The end result is a really nice-looking engine.
Fender Shortened and Sprayed
The rear fender is an aftermarket one that the previous owner fitted, and one that's easily obtainable on Amazon or eBay.
I shortened it and followed the line of the back of the seat. About 20mm is showing from the back of the seat. I then primed it and sprayed it metallic silver. I did the side panels in the same color. I also fitted the new rear indicators.
I took off the rear wheel and spray-painted the swingarm and brake plate gloss black, and I also started playing around with a side-mounted rear licence plate along with a vintage-style rear brake light.
Spraying and Pinstriping a Virago 535 Fuel Tank
The fuel tank was in pretty good shape to start with, no leaks or rust, which always makes life easier.
The first job was to give the tank a really good rubdown with some 280-grit sandpaper, followed by a coat of primer filler spray, more filling, then another coat of primer filler. After lots more rubbing down with various grades of wet-and-dry, it was time for the top coat.
I thought I'd go for a nice metallic flake silver. It's quite a hard color to spray right because of the metal flake, but I'd seen it on another bike and I really liked it.
I messed up the first coat by putting it on too thick and not getting an even pattern, but three coats later I was happy with the result.
I'd picked out a star decal that I liked, along with a roll of four-line pinstriping, and set to work lining it all up and playing around with the pinstriping. I managed to get the stars in the right place first time, but it took around four attempts to get the pinstriping how I wanted it. I also added a Yamaha badge in the centre of the tank.
Finally, I gave the completed tank three good coats of clear petrol-resistant lacquer.
Preparing the Wheels
If you want a good result, there's no getting around it: preparing and spraying spoked wheels is a lengthy process.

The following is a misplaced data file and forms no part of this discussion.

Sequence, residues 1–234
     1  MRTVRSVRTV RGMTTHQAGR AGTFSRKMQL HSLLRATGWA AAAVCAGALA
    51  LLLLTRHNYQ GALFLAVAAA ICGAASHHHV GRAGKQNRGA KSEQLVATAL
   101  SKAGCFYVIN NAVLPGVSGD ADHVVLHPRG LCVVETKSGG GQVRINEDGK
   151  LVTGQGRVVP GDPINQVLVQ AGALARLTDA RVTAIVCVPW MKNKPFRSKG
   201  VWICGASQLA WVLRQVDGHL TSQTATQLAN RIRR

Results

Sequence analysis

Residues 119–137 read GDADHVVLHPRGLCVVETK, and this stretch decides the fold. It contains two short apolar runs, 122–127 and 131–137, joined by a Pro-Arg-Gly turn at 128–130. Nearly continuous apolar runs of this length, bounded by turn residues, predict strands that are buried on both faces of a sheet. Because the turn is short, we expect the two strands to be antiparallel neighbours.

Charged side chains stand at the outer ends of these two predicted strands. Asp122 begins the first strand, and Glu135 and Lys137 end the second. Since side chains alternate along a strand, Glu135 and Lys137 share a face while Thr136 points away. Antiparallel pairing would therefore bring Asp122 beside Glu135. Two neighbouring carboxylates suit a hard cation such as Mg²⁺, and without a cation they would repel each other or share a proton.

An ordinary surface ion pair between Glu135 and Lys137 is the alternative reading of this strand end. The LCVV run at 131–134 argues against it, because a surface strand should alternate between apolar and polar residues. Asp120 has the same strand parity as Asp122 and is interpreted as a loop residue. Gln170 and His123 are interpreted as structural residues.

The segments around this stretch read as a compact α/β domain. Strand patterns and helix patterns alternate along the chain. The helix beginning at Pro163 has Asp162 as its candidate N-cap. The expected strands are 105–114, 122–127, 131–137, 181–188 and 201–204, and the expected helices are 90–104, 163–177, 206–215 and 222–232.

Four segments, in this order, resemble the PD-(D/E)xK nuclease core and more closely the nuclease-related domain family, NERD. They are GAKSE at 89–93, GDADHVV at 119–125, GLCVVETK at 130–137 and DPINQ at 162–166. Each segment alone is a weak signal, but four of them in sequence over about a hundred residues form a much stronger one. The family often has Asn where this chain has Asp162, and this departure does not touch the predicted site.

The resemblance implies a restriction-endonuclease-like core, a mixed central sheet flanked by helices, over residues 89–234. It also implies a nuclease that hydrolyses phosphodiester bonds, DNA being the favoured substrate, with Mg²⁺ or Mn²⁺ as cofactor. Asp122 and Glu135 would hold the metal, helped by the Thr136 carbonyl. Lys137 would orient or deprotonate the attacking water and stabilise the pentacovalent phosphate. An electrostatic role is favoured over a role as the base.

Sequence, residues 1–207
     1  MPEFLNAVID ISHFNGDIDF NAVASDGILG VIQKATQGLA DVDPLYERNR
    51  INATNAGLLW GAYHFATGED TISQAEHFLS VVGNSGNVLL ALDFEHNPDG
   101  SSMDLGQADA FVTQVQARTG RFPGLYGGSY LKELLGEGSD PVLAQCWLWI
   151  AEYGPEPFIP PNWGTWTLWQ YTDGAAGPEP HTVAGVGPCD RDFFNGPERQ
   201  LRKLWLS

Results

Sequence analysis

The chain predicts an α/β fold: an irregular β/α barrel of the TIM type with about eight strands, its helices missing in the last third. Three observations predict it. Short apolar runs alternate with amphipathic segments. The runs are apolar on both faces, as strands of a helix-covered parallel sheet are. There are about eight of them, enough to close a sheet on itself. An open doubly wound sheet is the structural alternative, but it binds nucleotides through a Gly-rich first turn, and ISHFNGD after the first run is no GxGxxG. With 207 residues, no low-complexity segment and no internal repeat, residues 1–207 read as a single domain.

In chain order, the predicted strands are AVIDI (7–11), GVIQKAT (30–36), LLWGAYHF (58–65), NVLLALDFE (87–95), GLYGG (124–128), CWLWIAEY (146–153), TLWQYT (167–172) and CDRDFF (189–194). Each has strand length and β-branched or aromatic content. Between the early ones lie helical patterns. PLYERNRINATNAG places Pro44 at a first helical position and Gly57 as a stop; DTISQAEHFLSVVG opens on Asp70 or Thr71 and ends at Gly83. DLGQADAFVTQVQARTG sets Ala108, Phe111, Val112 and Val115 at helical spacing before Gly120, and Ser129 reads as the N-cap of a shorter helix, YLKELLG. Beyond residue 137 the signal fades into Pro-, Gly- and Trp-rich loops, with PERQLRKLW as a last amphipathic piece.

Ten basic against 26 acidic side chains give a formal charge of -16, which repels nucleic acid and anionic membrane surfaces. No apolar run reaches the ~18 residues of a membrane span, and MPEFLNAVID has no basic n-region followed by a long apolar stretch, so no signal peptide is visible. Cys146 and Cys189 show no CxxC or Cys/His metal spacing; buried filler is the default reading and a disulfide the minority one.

A drill attachment wire wheel makes the job easier, but you'll still have to put in plenty of elbow grease. Get the wheel as clean as you possibly can.
Virago XV535 White Wall Tyres
I really wanted white wall tyres as I thought they would go well with the silver and black on the rest of the bike.
It took a fair bit of ground work to find a set of white walls to fit a Virago 535, but I finally tracked some down.
Rear tyre size: 140/90-15 Front tyre size: 100/90-19
I had the tyres fitted and set about masking them up. A lot of patience and a sharp blade...
Always use an etch primer before spraying on any kind of smooth metal.
Never try and spray a top coat straight onto smooth bare metal, it's not going to last very long at all.
Finishing the Wheel
To finish the wheel I applied two coats of gloss black, and most importantly, two coats of clear lacquer. The lacquer will protect your paint. If you don't use lacquer, the paint's going to chip up pretty quickly.
I also masked up and sprayed the brake disc inner with the same gloss black.
Finished Wheels Back On
Before I put the front wheel back on, I sprayed the fork lowers and the brake caliper in the same gloss black as the wheels.
I mounted the front wheel and installed the brake caliper with new stainless steel bolts.
I wasn't happy with the original shocks, so I purchased a pair of second hand Hagon shocks (on eBay) and sprayed them black.
Wrapping the Exhaust
I was pretty fortunate with the exhaust system. The previous owner said the guy he bought it from had installed it: a full stainless-steel Motad system for the Virago 535.
It was too long for the style of the bike, so I shortened it and sprayed it black.
To finish it off, I wrapped it with titanium exhaust wrap. I was really happy with the result.
When wrapping an exhaust, always start from the back and work to the front. The overlap looks much better. Soak the wrap in water before you start; it's much easier to work with.
This link will take you to a great little tool to work out how much wrap you need for the length of exhaust you want to wrap. There's nothing worse than spending ages wrapping only to be 6 inches short of the end of the pipe. Ask me how I know this . . .
Yamaha XV535 Bobber Finished!
Overall, the bike turned out a lot better than I imagined.
All told, the bike took about a year to complete (weekends, and when free time allowed).